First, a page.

A lot has been said about the purchase funnel.
In fact so much has been said about it that many feel it has been exhausted to death. In its wake, a smorgasbord of geometric configurations have been posited: cylinder, concentric circles, orbits, spindles, dodecahedrons (ok, I added that one).
Type ‘purchase process’ into Google Images and scroll away: everything from crazy path diagrams, the old funnel, cartoons and one that suggests it’s now a pretzel! Personally, I prefer the poetic variety such as the ‘consumer journey’.
It suggests a Tolkien-esque epic requiring consumers to circumvent mythical creatures and fiery environs. Which is a typical experience for any of you that have hazarded Bluewater on a Saturday!
But whether it’s a funnel, a journey or a cycle the one thing that is generally the same is that it has a recognized objective beginning and end. That is to say, one of the chief goals of any marketer is to create awareness of their product or service and ultimately keep people interested enough to drive them to purchase.
Now, the 21st century has brought us some amazing innovations and marketing practice has seen its fair share. Ad networks, real-time bidding systems, automated work flow systems, CRM, content management, email management and on and on.
At this rate you would think the marketing department had been replaced by a single computer (or more specifically in the case of an ad agency, a MacBook air.) But it hasn’t.
You’re looking at the wrong part of the funnel
Marketing professionals still manage decisions about where to focus. But there is some bias going on.
Much of the marketer’s time and resources are aimed at the very top and bottom of the funnel. This has created a gap, one which costs firms a lot in terms of money and lost opportunity.
The middle of the funnel or the journey is where most prospective customers are lost. Potential customers enter the journey by saying “Hey, I’m interested…tell me more”, yet most acquisition strategies keep pushing them to just buy.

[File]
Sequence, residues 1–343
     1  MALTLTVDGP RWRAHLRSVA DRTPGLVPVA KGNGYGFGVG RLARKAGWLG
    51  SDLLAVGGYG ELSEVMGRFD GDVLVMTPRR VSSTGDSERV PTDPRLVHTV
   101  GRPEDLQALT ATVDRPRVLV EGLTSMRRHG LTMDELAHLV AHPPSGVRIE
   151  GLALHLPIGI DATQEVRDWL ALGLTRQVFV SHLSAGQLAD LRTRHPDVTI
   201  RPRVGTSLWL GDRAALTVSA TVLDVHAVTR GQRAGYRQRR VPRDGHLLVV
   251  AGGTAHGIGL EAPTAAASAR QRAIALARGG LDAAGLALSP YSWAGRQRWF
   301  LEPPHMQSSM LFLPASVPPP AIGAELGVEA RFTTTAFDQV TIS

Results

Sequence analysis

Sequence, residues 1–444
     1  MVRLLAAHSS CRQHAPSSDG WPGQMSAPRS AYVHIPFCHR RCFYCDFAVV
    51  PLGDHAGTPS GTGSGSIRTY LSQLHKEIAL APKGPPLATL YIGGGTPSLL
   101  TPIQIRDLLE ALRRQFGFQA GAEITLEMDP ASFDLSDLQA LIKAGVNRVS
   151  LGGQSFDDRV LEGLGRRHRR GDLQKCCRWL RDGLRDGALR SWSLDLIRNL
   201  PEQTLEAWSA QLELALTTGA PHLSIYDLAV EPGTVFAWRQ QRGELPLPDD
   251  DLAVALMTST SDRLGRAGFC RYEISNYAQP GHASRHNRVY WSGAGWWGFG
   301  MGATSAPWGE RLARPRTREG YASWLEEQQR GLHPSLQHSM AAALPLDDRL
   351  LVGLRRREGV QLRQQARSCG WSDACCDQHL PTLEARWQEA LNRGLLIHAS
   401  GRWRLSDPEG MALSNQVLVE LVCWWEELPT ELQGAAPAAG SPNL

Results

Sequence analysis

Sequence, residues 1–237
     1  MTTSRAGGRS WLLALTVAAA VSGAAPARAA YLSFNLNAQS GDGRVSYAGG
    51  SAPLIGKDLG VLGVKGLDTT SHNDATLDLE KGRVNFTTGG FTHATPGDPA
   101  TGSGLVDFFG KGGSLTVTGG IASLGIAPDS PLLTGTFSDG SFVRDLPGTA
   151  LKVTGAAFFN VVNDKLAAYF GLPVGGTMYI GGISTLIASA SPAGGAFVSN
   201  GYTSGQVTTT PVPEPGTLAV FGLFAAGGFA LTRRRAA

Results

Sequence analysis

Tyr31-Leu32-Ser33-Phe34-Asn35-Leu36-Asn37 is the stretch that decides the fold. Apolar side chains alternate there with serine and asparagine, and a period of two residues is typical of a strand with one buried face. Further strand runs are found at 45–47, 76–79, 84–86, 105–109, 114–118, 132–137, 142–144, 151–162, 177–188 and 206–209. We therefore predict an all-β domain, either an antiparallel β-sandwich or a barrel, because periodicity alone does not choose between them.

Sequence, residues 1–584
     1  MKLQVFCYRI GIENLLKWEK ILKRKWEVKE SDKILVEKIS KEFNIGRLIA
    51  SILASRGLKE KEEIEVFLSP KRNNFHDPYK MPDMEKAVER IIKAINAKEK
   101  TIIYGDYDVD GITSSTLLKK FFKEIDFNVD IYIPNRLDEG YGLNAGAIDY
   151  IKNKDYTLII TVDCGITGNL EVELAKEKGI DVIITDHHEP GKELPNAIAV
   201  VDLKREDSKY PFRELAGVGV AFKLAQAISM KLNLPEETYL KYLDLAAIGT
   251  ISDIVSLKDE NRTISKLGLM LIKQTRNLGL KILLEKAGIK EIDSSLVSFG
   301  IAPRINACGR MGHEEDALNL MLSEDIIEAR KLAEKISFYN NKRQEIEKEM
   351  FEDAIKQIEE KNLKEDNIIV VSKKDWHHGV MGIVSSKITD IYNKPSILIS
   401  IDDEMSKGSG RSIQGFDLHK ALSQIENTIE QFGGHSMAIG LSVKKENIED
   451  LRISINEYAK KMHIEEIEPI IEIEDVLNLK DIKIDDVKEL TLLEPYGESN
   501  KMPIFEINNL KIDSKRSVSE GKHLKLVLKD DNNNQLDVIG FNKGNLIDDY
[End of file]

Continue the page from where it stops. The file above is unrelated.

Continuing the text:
‘Here is an offer’ is the usual next response to some anonymous web visit. Go to just about any company’s web page, click around and then exit.
Watch what comes next…a steady barrage of display ads, interstitials and emails offering you deals if you’d only come back. This is retargeting.
A lot of money is spent on it but, unfortunately, a majority of that spend is either too early or too late.
Retargeting is usually too early or too late
When a prospect steps up and says ‘I’m interested’ this typically means, ‘tell me more. Not ‘make me an offer’.
The more consideration going into that purchase means they really want you to tell them more, not be shouted at. Perversely then, investment in retargeting that constantly shouts ‘Buy, buy, buy!’ has gone through the roof.
The underlying idea of retargeting is that when a person lands on a site and clicks around that they are ‘in the purchase moment’. If they don’t make a purchase and instead leave, this suddenly qualifies them to become a prime prospect that deserves being chased down.
This is how things work in real world isn’t it? You browse in Oddbins and in the event you have to leave, it would not be unreasonable for the cashier to follow you for weeks after you’ve lost interest saying, “Buy this ‘Banner Ad du vin’- it’s only £8.99′ over and over again.
For sure, there have been some nice successes from retargeting but it also has its problems and many of those protential customers will ultimately go on to buy from a competitor…thus all the efforts to drag them back are too late. You’ve lost their interest.
Content marketing: maintaining interest in the middle
The good news is that many companies already have the assets in place to change the way this happens.
For the past several years the focus on generating ‘content marketing strategies’ has increased significantly. The idea of one’s own media is not novel anymore,it’s a requirement. However, the focus has primarily been on content creation and curation.
The next evolution of content marketing is to apply the similar focus on technology and automation that we’ve seen in the paid media space. Technology is emerging that can utilize the knowledge of how people consume content in order to optimize what type of content, when and through which channel to serve it next.
Done well, with an understanding of what drives the most efficient journey for an individual consumer, amazing results can happen in the middle of that purchase funnel/journey/pretzel (please delete as appropriate).
A lot of marketers, in the face of diminishing returns from increasing paid media spends, are wondering where the next incremental performance increase is going to come from.
If you’re going to maintain that potential customer’s interest – it won’t be through paid media or offer retargeting, it will come from brand’s own media efforts that meet the intersection between customer interest and brand offering in a timely, non-shouty and interesting fashion.
Econsultancy’s Funnel B2B event is where marketing meets sales. More than 600 marketers will be at Old Billingsgate, London on October 8 to discover the tools and tactics that are delivering results. This event forms part of our week-long Festival of Marketing extravaganza.